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The last position players to pitch for each team (updated)

A list of the last hitters to pretend they're pitchers for each organization. Sick of you not listening to our pleas, Braves.

Stephen Dunn

Have you thought about Jeff Francoeur lately? You probably should think about Jeff Francoeur more. The live-armed outfielder is having a career renaissance of sorts for the El Paso Chihuahuas, moonlighting as a shutdown reliever. In his first four outings, Francoeur allowed just two hits, while striking out three and not allowing a walk.

Reminder: Francoeur is an unquestionably goofy soul for whom you can't help but root:

I want this to work so danged bad.

This probably isn't going to work. But it's fun, so fun. I'm mildly obsessed with position players pitching, working up a list last year of the last position players to pitch for each team along with a list of the best position players to pitch in the expansion era. Since then, 13 teams have had a position player pitch for them, including eight this year. The Dodgers have a $6 billion payroll, and they've used Drew Butera twice.


That's 92, with movement, on the black. Get that man a new contract. Mix in a few option years.

Because of the recent proliferation of position players pitching (and the discovery that my last list had a couple errors), it's time to update the list. Here's the last time a position player pitched for each franchise:

Red Sox: Mike Carp, 2014 (box score)
White Sox: Leury Garcia, 2014 (box score)
Cardinals: Daniel Descalso, 2014 (box score)
Brewers: Martin Maldonado, 2014 (box score)
Rangers: Mitch Moreland, 2014 (box score)

Blue Jays: Steven Tolleson, 2014 (box score)
Dodgers: Drew Butera, 2014 (box score)
Yankees: Dean Anna, 2014 (box score)
Mets: Anthony Recker, 2013 (box score)
Phillies: John McDonald, 2013 (box score)

Pirates: Josh Harrison, 2013 (box score)
Indians: Ryan Raburn, 2013 (box score)
Twins: Jamey Carroll, 2013 (box score)
Rays: Sam Fuld, 2013 (box score)
Astros: Jake Elmore, 2013 (box score)

Orioles: Chris Davis, 2012 (box score)
Royals: Mitch Maier, 2012 (box score)
Cubs: Joe Mather, 2012 (box score)
Marlins: Bryan Peterson, 2011 (box score)
Tigers: Don Kelly, 2011 (box score)

Reds: Paul Janish, 2009 (box score)
Diamondbacks: Josh Wilson, 2009 (box score)
Padres: Josh Wilson, 2009 (box score)
Mariners: Jamie Burke, 2008 (box score)
Rockies: Todd Zeile, 2002 (box score)

Athletics: Frank Menenchino, 2000 (box score)
Angels: Chili Davis, 1993 (box score)
Giants: Greg Litton, 1991 (box score)
Nationals/Expos: Dave Martinez, 1990 (box score)
Braves: John Russell, 1989 (box score)


  • The Braves were the losers last time, hating fun more than any other franchise, and I listed Terry Blocker as the last position player to pitch. Blocker pitched an inning of scoreless relief on June 5. But fewer than three weeks later, John Russell threw five pitches and faced one batter. Two position players in the same month, and then nothing for 25 years. Carpe diem, everyone. You never know when there's going to be a quarter-century between PPPs.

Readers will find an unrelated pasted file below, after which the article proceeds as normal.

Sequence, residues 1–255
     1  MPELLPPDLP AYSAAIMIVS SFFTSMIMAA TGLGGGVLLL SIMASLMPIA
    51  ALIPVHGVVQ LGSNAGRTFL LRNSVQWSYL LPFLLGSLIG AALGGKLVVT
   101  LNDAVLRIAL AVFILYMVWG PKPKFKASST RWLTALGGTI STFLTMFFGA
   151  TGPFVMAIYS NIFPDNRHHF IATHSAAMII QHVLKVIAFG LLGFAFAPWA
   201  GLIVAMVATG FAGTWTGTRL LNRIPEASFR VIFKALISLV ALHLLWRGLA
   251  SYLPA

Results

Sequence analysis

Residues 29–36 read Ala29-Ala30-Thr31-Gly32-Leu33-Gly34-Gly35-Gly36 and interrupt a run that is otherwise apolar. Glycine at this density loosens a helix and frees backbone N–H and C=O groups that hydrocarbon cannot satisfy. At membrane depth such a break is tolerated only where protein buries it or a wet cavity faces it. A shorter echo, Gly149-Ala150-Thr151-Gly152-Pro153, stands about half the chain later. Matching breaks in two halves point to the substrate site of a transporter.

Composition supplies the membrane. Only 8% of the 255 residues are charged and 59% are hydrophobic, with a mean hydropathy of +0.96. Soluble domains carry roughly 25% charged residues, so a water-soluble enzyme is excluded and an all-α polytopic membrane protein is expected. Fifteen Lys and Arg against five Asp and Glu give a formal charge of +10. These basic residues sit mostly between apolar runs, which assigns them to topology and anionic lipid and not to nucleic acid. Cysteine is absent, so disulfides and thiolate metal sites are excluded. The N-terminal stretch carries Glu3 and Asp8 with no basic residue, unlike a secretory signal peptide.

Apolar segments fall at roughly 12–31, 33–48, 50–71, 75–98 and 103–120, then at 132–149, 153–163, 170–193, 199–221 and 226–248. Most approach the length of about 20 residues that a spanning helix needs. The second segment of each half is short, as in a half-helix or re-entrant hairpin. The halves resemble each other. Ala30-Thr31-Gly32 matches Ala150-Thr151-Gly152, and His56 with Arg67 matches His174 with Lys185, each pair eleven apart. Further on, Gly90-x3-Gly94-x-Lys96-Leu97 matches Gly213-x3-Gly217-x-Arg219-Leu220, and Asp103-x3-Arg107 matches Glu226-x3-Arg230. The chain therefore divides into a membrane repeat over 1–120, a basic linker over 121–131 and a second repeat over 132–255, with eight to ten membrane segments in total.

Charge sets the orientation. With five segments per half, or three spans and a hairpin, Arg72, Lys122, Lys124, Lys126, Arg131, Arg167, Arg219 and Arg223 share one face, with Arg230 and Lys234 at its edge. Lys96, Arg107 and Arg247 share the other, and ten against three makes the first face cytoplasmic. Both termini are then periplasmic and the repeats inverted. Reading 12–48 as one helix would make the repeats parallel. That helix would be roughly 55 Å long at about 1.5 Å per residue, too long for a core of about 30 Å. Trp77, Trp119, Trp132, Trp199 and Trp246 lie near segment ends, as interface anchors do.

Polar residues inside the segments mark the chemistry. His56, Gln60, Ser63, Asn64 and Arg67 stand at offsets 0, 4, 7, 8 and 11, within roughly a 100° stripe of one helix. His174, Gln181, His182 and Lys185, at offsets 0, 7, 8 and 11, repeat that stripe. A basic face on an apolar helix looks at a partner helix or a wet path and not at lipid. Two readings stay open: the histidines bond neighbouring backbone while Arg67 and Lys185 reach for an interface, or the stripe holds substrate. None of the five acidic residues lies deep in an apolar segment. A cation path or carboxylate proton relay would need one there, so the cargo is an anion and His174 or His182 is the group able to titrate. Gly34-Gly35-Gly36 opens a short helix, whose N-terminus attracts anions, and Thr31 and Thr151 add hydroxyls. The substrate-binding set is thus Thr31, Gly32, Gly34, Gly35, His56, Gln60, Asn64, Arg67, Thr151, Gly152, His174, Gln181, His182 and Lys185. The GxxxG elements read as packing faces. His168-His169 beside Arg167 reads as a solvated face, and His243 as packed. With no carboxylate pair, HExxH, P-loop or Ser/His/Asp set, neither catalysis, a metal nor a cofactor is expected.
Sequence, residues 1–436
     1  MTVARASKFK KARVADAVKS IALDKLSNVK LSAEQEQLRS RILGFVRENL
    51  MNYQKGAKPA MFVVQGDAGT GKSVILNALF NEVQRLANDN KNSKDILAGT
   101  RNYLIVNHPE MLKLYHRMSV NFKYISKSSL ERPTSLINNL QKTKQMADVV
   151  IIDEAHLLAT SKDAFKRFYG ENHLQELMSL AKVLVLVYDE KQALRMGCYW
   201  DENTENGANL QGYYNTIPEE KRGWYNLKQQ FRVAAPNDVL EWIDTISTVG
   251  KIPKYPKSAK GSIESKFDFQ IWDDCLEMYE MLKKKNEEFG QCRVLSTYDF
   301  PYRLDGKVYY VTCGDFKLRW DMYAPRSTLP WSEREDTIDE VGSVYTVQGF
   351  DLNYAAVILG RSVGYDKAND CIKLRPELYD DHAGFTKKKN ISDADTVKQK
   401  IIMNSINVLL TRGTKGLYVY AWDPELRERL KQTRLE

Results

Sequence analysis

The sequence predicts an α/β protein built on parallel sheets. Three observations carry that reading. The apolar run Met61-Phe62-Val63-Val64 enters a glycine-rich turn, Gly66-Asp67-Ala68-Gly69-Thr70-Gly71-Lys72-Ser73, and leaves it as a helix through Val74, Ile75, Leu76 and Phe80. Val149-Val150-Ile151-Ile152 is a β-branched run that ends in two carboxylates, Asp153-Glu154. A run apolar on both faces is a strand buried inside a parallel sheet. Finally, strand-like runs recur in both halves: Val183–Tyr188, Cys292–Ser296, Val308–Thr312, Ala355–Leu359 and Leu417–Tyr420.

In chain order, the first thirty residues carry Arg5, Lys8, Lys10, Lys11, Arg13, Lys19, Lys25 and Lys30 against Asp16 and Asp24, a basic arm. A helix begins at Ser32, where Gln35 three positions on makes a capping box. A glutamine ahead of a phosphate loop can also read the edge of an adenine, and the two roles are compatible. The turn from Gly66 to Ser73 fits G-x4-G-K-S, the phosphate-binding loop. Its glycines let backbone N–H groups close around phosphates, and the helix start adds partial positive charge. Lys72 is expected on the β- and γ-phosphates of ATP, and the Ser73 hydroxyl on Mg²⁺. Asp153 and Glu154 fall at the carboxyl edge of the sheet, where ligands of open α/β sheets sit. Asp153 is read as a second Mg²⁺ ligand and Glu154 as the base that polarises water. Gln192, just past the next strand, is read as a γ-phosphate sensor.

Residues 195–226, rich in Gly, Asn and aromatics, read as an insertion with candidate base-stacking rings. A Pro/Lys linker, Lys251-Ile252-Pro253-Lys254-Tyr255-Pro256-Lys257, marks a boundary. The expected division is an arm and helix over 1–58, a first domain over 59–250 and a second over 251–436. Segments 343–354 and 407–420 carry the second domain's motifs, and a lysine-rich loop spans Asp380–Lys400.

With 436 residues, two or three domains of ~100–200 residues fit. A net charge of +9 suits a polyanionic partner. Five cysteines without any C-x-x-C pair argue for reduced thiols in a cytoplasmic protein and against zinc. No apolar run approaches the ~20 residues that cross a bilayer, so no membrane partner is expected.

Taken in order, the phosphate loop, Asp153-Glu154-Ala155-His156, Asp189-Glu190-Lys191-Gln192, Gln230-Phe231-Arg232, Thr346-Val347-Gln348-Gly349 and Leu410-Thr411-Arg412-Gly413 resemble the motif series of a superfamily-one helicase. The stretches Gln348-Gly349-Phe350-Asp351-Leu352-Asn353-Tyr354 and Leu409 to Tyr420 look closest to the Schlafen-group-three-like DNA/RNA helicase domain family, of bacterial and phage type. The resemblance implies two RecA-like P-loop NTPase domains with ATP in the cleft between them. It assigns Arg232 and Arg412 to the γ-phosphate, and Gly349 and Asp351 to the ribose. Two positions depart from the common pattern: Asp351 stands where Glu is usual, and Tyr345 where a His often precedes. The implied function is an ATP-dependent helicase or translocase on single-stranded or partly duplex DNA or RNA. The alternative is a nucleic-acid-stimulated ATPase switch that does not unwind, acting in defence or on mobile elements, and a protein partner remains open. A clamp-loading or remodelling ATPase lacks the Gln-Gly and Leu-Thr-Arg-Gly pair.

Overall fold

• The methodology was the same, as I searched for relievers with 10 appearances or fewer and no starts with a franchise, then searched for the players with more than 10 career at-bats. This allowed me to discover that the Twins have the most interesting list of names among relievers with fewer than 10 appearances, including Bull Durham, Harry Hedgpeth, Garland Buckeye, Red Bird, Spencer Pumpelly, Ed Wineapple, Harry Child, Ox Miller, Dick Stone.

  • Harry Child.

  • Something I didn't think about until this go-around is that it's remarkable that the Rockies haven't had a PPP in 12 years, considering their ballpark. There have been 38 games in which a team scored 15 runs or more at Coors Field since Todd Zeile pitched in 2002. You're telling me there hasn't been a chance for the Rockies to save their bullpen since then? Weird. Though I guess this kind of game shows up on the list of 15-run games, and it was a taut, one-run game.

  • Mike Carp walked five batters. He should probably not pitch. But he also featured a knuckleball, so he should probably pitch once a week, just to amuse us.


    He should definitely pitch once a week. Also, the 45 walks per nine innings pitched aren't a record. That record belongs to poor Frank Wurm, who pitched a third of an inning in his career and walked five, good for a 135 BB/9 and a 108.00 ERA. The good news was that his FIP was only 41.54.

  • The Red Sox should also win some sort of award for having Jimmie Foxx pitch for them in 1939 and Ted Williams pitch for them in 1940. At least put a statue up, or something.

  • Twenty-three teams have had a position player pitch in the last five years. There are just four with a drought of 20 years or more.

  • Those teams hate their fans.

Get to it, Braves, Nationals, Giants, and Angels. You could probably get Jeff Francoeur for cheap, you know. There's only so much space on a 25-man roster. Why not a dual threat? Why not a dual threat, indeed.